According to GTM research and Solar Energy Industries Association (SEIA), authors of the report, the U.S. installed 1,855 MW (or 1.86 GW) of solar in 2011 and is expected to install more than twice that number in 2012: 2.8 GW.
The report points to two important factors that drove the massive amount of installation in the U.S. First, declining module prices meant that overall system prices dropped 20 percent. Second, expiring solar power incentives, such as the 1603 Grant in Lieu of Tax Credit forced developers to begin projects before the end of 2011. In the fourth quarter of 2011 alone, the industry installed 755 MW, up 115 percent from Q4 2010.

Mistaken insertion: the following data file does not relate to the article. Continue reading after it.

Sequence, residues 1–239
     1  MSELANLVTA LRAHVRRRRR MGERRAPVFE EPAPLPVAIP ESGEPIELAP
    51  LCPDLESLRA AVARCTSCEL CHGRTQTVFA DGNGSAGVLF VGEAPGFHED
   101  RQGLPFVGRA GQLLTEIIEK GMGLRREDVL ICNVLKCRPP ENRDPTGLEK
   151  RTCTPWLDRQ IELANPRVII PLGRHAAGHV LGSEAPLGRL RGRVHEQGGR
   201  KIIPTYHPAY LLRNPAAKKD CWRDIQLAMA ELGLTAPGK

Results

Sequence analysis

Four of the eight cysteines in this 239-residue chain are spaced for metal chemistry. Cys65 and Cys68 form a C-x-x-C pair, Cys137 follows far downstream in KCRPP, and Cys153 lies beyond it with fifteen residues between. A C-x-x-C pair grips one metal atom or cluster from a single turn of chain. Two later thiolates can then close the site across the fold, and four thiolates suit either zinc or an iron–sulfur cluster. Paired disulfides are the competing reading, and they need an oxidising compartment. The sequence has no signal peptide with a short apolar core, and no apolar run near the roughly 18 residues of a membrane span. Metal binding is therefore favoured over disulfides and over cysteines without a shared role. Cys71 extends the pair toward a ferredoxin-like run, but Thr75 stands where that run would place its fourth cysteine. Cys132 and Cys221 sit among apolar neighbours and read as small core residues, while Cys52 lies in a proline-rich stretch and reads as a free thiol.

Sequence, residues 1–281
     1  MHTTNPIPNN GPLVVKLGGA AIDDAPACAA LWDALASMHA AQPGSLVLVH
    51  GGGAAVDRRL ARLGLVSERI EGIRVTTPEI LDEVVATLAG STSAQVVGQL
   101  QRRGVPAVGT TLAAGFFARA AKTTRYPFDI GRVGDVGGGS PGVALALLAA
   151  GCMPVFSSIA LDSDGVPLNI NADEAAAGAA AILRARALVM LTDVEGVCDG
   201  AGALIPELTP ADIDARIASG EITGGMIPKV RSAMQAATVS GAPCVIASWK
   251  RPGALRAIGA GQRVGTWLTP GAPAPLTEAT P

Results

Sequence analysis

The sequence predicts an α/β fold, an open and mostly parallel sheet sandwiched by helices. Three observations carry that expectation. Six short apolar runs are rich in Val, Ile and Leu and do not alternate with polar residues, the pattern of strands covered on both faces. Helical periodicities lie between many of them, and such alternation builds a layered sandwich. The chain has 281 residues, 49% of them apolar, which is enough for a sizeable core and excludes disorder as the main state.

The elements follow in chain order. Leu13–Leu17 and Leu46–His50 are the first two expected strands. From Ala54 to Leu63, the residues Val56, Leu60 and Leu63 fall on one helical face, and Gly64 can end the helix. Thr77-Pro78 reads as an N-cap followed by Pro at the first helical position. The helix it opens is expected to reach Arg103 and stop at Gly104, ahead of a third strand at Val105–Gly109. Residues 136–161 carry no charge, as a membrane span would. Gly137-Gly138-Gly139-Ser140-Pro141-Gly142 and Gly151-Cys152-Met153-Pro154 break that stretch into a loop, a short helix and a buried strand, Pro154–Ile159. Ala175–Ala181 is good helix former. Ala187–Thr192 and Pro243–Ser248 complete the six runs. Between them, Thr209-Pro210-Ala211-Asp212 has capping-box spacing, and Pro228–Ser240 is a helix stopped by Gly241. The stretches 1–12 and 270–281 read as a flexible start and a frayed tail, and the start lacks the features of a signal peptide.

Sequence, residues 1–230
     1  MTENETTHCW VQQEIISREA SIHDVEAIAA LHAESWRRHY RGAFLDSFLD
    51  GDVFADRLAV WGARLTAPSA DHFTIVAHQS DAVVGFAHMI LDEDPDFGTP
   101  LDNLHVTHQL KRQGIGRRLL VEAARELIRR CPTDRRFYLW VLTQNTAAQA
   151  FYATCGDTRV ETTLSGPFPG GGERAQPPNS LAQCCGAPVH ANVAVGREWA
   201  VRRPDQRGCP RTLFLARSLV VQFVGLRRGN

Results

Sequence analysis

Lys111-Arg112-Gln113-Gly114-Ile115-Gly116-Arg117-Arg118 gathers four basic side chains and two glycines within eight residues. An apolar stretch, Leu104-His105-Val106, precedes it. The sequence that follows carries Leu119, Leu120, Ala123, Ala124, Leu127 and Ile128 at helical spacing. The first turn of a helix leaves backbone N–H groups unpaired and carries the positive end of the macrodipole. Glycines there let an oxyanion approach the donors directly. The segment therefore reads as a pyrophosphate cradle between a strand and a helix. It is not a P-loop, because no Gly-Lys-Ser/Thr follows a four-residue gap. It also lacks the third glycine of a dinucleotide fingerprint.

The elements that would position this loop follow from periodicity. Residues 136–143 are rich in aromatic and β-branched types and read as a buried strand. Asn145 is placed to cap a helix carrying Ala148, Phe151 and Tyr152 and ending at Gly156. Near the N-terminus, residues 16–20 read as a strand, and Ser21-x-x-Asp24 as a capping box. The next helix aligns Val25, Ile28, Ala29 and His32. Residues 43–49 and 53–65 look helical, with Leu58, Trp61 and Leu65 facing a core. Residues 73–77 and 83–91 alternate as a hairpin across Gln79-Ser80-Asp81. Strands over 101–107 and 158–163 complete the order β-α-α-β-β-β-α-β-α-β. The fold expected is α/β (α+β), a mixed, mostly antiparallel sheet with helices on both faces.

GTM Research and SEIA estimate the U.S. solar market’s total value surpassed $8.4 billion in 2011.
In addition the report highlights the U.S.’s growing share of the global installed PV capacity. In 2010, the U.S. held five percent of the world’s installed capacity, a number that grew to seven percent in 2011.
“In 2011, the market demonstrated why the U.S. is becoming a center of attention for global solar,” said Shayle Kann, Managing Director of GTM Research’s solar practice.
Developers worldwide are eyeing the U.S. market as the next booming solar location. Up until now, Germany and Italy have installed the lion’s share of PV capacity.